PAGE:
Excel for Tracking Training? Been There, Done That, and Sadly, I Have the T-Shirt.

As someone who worked in compliance for a small life sciences company, I like to share the problems and pitfalls I experienced over the years, in the hope of saving others from the same fate. Today, we touch on the subject of Learning Management Systems and in particular, my hard-learned lesson about trying to use Microsoft Excel for some LMS functions. I like Excel as a software program overall. And, if you work in training, it may seem like a logical choice for measuring metrics. It’s not. If your company doesn’t have an enterprise-wide LMS in place, or if a particular group of learners (e.g., third-party vendors) doesn’t have access to your internal LMS, I strongly recommend using a hosted or cloud-based LMS  rather than relying on Excel to handle the tracking and reporting.

Is an LMS a Better Option?

The obvious and primary limitation of using Excel is you still need to find a way to host and deploy the training. Even when used solely for the purposes of tracking and reporting, it can be burdensome, error-prone, and time-consuming. At a minimum, you need to enter all of the learner-related data, as well as the list of courses assigned to each learner, and the dates the courses were deployed and completed. Then there’s the on-going need to keep your learners updated with reminders that training is due, and the work necessary to pull metrics from all the data. Using Excel is a manual process, which opens the door for mistakes and those mistakes, are hard to catch when you’re pouring over hundreds of lines of data.

Using a hosted or cloud-based LMS helps automate those processes, greatly improves accuracy, and lightens the burden of the on-going work. While some upfront work is necessary as an administrator, the LMS itself does most of the heavy lifting. Deployment of the training and management of the completion records are handled by the LMS, freeing you from developing formulas and creating your own reports. In fact, you’re likely to get far more insight from the reports and metrics that are standard with most hosted and cloud-based services than you’d ever be able to pull from Excel. And the best part – all of this comes with the ability to host and deploy the training.

Of course, a hosted LMS solution isn’t the panacea to all of your workload challenges. You may not be able to customize the functionality of the LMS, and depending on what service you choose, you may or may not be able to manage your classroom learning with the service. Then, of course, there’s the big elephant in the room, the cost. Reconciling the budget when you think you can manage with the software you already have in house may seem difficult, especially for small to mid-size companies. However, when you factor in the time spent by managing all the tasks manually, the cost may not seem so overwhelming.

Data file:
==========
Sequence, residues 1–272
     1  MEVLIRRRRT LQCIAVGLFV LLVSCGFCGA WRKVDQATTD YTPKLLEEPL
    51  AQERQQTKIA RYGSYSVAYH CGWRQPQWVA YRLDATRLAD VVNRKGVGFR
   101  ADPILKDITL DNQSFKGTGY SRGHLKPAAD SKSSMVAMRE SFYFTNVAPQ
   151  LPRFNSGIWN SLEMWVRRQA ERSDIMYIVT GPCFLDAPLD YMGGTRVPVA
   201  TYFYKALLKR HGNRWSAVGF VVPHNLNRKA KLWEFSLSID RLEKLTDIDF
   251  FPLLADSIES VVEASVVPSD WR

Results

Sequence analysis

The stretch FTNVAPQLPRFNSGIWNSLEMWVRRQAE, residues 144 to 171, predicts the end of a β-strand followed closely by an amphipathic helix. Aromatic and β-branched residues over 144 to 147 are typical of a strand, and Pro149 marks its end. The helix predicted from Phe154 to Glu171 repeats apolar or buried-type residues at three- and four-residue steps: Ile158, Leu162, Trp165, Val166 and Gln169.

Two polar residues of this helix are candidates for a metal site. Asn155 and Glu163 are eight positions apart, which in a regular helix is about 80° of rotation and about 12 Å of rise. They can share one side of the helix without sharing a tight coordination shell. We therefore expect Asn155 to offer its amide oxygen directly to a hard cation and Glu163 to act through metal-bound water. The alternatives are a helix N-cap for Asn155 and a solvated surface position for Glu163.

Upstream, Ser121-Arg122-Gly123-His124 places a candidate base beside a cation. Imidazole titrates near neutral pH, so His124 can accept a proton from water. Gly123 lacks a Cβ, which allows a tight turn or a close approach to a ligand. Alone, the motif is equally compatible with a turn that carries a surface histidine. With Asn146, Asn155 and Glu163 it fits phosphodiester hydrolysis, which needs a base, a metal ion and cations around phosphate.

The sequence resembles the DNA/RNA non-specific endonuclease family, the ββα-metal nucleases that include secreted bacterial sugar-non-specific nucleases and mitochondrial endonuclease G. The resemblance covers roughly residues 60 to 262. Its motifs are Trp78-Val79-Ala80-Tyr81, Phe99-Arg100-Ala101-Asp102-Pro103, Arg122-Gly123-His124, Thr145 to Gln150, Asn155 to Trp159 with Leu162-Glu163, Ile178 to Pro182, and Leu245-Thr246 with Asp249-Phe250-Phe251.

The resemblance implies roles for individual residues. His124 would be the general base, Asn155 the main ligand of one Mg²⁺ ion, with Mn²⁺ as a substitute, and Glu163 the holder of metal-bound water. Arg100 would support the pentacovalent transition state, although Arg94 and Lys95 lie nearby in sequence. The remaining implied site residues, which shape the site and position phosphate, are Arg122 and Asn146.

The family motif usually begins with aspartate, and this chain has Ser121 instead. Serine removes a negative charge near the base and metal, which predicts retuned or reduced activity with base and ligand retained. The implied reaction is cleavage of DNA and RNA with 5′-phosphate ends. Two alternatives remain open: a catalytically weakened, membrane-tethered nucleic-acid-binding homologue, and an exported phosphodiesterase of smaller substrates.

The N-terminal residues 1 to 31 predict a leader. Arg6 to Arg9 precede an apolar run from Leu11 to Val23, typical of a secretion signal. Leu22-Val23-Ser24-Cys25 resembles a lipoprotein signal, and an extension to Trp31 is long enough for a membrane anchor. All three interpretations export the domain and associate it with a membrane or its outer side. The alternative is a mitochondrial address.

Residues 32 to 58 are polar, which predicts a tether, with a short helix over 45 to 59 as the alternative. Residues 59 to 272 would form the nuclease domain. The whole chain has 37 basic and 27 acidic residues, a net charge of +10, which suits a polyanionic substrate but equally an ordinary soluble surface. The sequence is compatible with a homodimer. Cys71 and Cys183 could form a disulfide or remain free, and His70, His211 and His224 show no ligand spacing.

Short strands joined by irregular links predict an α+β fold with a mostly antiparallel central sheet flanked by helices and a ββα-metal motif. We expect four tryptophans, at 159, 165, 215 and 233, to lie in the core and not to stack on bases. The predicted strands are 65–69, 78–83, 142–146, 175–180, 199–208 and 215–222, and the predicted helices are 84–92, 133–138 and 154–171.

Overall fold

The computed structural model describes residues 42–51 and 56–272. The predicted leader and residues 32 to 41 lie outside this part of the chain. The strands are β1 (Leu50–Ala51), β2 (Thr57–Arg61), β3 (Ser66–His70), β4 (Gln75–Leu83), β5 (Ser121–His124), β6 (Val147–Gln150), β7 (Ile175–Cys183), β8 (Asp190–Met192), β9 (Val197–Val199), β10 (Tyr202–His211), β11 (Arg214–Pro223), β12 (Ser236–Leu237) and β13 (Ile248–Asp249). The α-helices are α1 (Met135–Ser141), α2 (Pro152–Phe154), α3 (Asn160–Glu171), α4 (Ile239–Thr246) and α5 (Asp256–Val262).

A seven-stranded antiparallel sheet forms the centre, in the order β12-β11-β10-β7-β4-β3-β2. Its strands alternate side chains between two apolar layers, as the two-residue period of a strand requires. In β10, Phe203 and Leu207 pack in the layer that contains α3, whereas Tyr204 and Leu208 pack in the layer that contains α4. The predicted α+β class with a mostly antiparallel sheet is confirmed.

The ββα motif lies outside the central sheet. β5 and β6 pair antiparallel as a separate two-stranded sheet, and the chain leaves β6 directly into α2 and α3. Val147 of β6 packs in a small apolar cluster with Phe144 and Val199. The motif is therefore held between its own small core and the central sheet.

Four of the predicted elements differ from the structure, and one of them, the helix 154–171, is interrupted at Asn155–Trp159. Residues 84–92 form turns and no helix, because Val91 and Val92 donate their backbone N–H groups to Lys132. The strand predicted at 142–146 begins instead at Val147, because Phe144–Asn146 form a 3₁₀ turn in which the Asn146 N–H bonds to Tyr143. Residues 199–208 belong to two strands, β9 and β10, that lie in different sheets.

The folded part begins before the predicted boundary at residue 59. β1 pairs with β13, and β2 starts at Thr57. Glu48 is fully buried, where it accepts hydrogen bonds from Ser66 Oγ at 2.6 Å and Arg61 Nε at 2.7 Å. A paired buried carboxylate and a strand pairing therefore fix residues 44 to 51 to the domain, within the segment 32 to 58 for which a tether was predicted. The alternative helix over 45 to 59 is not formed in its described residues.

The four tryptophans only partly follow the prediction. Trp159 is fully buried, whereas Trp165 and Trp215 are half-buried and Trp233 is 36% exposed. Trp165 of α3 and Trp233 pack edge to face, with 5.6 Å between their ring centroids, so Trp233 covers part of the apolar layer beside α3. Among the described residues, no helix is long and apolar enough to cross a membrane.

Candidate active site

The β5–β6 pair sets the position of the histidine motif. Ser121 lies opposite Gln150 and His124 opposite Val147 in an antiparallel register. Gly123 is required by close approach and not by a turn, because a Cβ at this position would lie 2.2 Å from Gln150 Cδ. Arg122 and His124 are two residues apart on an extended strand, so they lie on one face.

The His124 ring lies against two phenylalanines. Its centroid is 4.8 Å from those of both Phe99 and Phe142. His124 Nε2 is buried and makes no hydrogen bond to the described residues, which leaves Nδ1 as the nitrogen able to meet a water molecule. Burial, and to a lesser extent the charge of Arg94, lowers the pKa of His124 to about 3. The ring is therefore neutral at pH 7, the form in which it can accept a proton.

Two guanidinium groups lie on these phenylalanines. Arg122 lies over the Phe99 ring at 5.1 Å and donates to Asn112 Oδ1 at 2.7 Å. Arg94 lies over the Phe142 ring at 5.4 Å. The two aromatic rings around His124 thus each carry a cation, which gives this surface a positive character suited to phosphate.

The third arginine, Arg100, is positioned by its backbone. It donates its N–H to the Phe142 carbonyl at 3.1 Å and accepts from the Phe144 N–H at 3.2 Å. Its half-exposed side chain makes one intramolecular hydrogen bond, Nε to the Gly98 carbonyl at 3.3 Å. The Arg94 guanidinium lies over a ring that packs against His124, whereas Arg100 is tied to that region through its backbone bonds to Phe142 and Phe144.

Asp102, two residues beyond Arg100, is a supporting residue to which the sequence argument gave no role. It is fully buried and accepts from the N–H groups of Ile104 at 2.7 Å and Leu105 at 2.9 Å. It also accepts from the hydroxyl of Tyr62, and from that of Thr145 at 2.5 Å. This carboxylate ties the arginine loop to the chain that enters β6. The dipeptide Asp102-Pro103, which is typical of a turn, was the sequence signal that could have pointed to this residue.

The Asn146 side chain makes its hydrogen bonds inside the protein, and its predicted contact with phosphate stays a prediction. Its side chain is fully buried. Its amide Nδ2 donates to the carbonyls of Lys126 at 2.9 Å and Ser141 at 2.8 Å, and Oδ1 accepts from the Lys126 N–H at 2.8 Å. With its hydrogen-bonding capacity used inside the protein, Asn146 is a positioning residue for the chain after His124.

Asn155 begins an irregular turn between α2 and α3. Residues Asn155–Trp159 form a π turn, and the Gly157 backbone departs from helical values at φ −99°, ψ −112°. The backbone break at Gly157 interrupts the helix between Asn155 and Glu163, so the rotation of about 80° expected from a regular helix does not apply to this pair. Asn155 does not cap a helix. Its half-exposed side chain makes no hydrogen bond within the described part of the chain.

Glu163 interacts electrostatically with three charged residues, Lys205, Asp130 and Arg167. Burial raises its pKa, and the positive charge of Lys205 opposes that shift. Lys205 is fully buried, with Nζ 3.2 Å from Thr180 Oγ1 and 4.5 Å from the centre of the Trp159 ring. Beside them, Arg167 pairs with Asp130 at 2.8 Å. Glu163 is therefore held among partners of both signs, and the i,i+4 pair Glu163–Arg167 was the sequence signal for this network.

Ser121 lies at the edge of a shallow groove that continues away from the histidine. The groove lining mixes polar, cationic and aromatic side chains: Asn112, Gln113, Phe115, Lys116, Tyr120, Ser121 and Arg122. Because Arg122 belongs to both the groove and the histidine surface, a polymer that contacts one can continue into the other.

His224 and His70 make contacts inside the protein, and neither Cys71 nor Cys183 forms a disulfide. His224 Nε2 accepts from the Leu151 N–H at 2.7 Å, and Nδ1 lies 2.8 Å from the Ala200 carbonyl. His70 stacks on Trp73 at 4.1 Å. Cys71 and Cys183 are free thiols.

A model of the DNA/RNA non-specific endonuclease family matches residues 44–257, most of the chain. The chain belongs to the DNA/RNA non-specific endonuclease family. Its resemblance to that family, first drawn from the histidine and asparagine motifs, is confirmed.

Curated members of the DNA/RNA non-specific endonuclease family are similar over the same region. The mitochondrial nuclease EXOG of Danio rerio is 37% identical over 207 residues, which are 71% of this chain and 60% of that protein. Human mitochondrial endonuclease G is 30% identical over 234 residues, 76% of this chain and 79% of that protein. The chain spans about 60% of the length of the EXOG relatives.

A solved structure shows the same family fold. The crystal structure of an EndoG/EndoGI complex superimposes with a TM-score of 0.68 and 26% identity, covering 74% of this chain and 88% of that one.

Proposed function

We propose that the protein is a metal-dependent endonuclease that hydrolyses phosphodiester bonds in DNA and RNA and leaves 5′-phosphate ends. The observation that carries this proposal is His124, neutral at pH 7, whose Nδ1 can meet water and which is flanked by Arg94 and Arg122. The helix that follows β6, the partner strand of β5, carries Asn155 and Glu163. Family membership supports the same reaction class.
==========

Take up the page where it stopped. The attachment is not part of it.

What About the Budget?

A number of cost-effective options are available. For example, our PharmaCertify Access™ LMS offers an affordable way for small to mid-size (and even larger) clients to host and track online training, whether it’s developed by us, another vendor, or in-house by our client.

Looking back on that Excel experience, I regret not giving more than a fleeting thought to using a hosted LMS, even though I only had a few hundred learners to manage. I’m sure an LMS would have provided better insight into the impact the training had on the audience, and would have allowed me to dedicate more time and resources to building an even better compliance training curriculum.

Thanks for reading, and stay compliant!

Lauren Barnett
Compliance Content Specialist
PharmaCertify™ by NXLevel Solution

 

 

 

Compliance News in Review, July 14, 2016

The Serious Fraud Office has its second application for a DPA approved, CMS solicits feedback, and experts are dismissed from an advisory panel due to perceived conflicts.

It’s hot, it’s humid, and the editorial staff at the New Jersey AND Georgia offices of the Compliance News in Review is already desperately seeking safety from the sun’s intense rays. The dog days of summer have arrived with gusto. If you’re looking for a good reason to spend a few more minutes in the comfortable confines of an air conditioned office or home, we suggest a deep dive into the cool waters of this edition of the CNIR, and all of the compliance news fit to blog.

Deferred Prosecution Agreements (DPAs) seem to be no sweat for the Serious Fraud Office (SFO). The agency has had its second application for a DPA approved in a case that involves violations of the UK Bribery Act. The company involved agreed to pay $8.48 million in fines and disgorgement. It must also report annually on its third-party intermediary transactions and compliance programs, and continue to cooperate with the SFO. The DPA remains in effect until 2020, but it may be terminated in 2018 if the company meets its financial obligations by then.